This article is part of the network’s archive of useful research information. This article is closed to new comments due to inactivity. We welcome new content which can be done by submitting an article for review or take part in discussions in an open topic or submit a blog post to take your discussions online.
Working in a clinical trial environment holds a unique set of strains and stressors, which are often underplayed as the context is considered tightly regulated with few medical emergencies. Relentless deadlines, scarce resources and multifaceted job descriptions all contribute to the challenging nature of clinical trial work. The month of October (2015) is dedicated to Mental Health Awareness. GRN has chosen to focus on the syndrome of burnout as a means of identifying and supporting those who are struggling with the demands of clinical trial research. Burnout is particularly prevalent among Clinical Research Coordinators faced with overwhelming and diverse responsibilities. (Gwede, Johnson, Roberts, & Cantor, 2007). This article highlights the features of burnout, the associated risks and how to assist a team member with burnout.
What is burnout?
No clear definition of burnout exists. Many experts in the field of mental health agree that burnout is a psychological syndrome which develops as a consequence to working in a stressful environment and is comprised of certain clinical features which negatively impact on functioning, yet are not considered to be a mental illness. Burnout may form part of an existing mental illness such as major depressive disorder, although the presence of burnout does not imply that the individual is suffering from a mental illness.
The term was previously limited to those in “helping/caring professions” e.g. nursing or teaching, but is now accepted to extend into most working environments. Work-specific stressors such as an excessive workload and conflict with colleagues are thought to contribute to the development of burnout. Burnout may manifest with both mental and physical symptoms, however, individuals should always be assessed by their general practitioner (GP) to ensure that an underlying illness is not missed and incorrectly labeled as being “burnt out”.
Am I burnt out?
Signs and symptoms of burnout
- Physical and emotional exhaustion
- Disengagement or detachment from the working environment
- Reduced personal accomplishments
- Cynical or critical attitude in the workplace
- Irritability or impatience with colleagues
- Difficulty concentrating
- Feeling listless
- Drop in work performance
Problems associated with burnout?
- Development of a mental illness e.g. depression and anxiety
- Absenteeism from work
- Physical health problems
- Substance abuse
- Great economic cost e.g. extended or excessive sick leave
Is burn out the same thing as depression?
Certain symptoms may occur in both conditions e.g. low energy; poor concentration; physical exhaustion which may lead to an incorrect diagnosis and missed opportunity for treatment, often with serious consequences. It is essential that the individual is appropriately assessed by their GP to ensure that a diagnosis of major depressive disorder is not missed. Suicidal thoughts and behaviour are not considered to be features of burnout and require urgent medical attention and management.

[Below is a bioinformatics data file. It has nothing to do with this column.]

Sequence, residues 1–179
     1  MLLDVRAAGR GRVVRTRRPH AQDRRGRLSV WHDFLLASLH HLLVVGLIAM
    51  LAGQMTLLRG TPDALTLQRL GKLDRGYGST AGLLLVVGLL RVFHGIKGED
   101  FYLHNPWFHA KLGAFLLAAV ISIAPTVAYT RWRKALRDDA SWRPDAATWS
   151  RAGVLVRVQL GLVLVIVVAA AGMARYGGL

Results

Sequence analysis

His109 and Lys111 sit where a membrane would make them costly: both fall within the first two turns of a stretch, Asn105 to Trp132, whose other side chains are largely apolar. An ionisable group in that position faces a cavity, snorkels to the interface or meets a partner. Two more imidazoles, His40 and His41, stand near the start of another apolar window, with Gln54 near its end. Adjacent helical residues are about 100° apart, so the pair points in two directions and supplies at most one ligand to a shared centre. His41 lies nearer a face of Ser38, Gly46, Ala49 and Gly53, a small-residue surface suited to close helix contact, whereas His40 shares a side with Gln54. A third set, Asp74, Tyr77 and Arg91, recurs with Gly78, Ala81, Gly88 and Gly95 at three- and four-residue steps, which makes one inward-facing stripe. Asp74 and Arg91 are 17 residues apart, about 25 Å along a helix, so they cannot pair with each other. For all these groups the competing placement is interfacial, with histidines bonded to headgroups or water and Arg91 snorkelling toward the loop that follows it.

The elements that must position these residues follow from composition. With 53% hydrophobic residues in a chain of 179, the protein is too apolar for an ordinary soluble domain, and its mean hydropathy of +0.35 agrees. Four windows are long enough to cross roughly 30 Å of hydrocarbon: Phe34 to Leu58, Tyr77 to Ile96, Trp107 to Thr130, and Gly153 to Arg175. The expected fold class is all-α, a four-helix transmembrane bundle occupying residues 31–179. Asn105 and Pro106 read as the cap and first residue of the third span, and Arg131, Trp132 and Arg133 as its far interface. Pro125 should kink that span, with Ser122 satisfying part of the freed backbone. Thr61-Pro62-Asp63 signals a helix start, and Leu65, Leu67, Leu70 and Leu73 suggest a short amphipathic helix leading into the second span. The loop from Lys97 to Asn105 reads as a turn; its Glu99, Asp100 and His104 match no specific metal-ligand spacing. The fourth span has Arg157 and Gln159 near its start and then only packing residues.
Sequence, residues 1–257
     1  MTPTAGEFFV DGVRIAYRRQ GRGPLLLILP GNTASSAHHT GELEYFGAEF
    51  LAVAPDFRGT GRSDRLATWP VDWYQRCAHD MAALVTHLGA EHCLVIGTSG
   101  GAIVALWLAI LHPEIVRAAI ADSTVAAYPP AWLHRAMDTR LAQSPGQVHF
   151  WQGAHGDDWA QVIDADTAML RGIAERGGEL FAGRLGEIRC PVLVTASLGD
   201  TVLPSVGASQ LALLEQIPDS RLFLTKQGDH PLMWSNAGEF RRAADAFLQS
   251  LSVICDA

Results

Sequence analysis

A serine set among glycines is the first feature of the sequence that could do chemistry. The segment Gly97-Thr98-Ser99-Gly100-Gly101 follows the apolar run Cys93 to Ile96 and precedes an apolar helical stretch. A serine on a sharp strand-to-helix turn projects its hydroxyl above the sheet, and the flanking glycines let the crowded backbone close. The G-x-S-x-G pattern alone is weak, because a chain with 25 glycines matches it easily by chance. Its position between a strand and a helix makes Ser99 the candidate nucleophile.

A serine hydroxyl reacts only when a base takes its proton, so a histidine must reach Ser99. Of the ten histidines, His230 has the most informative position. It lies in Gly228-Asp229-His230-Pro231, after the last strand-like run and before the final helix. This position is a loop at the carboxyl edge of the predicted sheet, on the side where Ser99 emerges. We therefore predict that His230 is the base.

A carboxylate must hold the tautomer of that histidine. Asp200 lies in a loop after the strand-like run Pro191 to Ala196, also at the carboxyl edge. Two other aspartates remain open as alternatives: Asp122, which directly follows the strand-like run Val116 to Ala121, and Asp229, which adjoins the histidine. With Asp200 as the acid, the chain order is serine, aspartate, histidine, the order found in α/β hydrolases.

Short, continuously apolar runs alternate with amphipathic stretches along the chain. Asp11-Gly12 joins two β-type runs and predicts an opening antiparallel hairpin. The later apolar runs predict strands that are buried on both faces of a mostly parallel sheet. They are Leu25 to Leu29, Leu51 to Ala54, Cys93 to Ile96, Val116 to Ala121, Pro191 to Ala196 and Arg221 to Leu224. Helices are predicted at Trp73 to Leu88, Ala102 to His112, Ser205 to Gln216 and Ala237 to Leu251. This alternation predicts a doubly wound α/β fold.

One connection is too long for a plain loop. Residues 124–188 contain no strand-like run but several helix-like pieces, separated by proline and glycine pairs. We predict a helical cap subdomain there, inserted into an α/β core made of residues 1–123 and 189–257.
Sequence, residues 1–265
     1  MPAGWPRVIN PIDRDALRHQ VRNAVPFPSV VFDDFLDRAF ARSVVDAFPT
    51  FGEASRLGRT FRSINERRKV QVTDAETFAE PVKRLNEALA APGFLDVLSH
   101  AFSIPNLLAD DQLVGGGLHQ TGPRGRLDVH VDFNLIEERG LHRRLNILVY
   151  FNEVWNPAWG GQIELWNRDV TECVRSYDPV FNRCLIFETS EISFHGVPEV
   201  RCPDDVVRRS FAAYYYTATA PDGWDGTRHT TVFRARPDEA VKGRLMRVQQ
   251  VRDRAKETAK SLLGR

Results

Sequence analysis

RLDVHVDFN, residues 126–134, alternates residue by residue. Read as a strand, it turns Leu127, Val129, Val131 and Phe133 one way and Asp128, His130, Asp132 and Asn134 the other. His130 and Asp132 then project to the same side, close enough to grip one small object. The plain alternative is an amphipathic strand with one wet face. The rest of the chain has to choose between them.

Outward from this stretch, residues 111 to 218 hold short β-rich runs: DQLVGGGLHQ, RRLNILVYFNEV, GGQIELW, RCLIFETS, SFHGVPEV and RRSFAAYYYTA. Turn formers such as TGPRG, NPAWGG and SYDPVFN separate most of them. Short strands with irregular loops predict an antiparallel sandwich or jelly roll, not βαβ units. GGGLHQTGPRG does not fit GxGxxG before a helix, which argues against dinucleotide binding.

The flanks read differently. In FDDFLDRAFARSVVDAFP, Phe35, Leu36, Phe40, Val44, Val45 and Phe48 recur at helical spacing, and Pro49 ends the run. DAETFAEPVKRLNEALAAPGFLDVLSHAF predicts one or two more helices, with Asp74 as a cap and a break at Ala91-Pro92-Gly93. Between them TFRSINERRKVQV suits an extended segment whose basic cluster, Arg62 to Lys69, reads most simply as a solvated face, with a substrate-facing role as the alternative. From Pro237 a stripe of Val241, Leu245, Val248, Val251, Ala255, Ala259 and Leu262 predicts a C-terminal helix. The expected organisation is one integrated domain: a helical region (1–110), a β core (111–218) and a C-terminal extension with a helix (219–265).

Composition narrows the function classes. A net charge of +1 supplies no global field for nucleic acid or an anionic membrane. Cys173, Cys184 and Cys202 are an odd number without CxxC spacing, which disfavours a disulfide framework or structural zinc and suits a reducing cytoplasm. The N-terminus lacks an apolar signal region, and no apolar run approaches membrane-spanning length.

What can I do if I identify a team member who has signs of burnout?
- IDENTIFY those who may be at risk of burnout: (Awa, Plaumann, & Walter, 2010; Gwede et al., 2007)
- Job dissatisfaction
- High perceived daily workload
- Imbalance between job demand and job skills
- Lack of job control
- Effort reward imbalance
- Prolonged work stress
- Low endurance personalities
- PREVENT burnout with a combination of both person-directed (cognitive behavioural strategies e.g. coping skills) and organization-directed (e.g. task restructuring; adequate work evaluation and supervision) interventions.
- SUPPORT peers and co-workers who are struggling with burnout. This includes: provision of time to attend medical appointments; matching skills and job demands; empowering individuals by involving them in decision making.
How can I manage my work related stress better?
- Get moving. Adequate exercise is essential to physical and mental well-being
- Follow a nutritious diet
- Ensure sufficient rest and relaxation
- Maintain hobbies and interests outside of work
- Nurture relationships with loved ones
- Avoid excessive use of stimulants e.g. caffeine and alcohol
- Consider a course of therapy e.g. mindfulness
The personal and economic costs of burnout are significant in the already tightly resourced clinical trial research setting. Ensuring a supportive and healthy psychological working environment is essential to prevent burnout amongst clinical trial team members.
Dr Carla Freeman is a specialist psychiatrist, within the Division of Neuropsychiatry (Department of Psychiatry and Mental Health) at the Univeristy of Cape Town.
Awa, W. L., Plaumann, M., & Walter, U. (2010). Burnout prevention: A review of intervention programs. Patient Education and Counseling, 78(2), 184–190. doi:10.1016/j.pec.2009.04.008
Gwede, C. K., Johnson, D. J., Roberts, C., & Cantor, A. B. (2007). Burnout in Clinical Research Coordinators in the United States. Oncology Nursing Forum, 32(6), 1123–1130. doi:10.1188/05.ONF.1123-1130
what a great Article ,thanks Dr Carla Freeman and many thanks for GHT and GRN for posting this.